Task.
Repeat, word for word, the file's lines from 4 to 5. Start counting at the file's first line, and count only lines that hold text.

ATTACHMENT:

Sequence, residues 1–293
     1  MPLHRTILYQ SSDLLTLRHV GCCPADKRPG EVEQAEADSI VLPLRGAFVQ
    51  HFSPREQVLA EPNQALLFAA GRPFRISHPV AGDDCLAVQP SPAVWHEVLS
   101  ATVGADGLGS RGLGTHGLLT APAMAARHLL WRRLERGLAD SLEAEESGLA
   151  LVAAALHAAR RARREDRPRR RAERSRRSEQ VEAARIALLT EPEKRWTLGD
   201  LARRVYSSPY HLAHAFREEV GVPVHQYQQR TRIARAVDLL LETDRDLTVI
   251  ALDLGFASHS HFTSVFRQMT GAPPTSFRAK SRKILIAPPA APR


   101  ATVGADGLGS RGLGTHGLLT APAMAARHLL WRRLERGLAD SLEAEESGLA
   151  LVAAALHAAR RARREDRPRR RAERSRRSEQ VEAARIALLT EPEKRWTLGD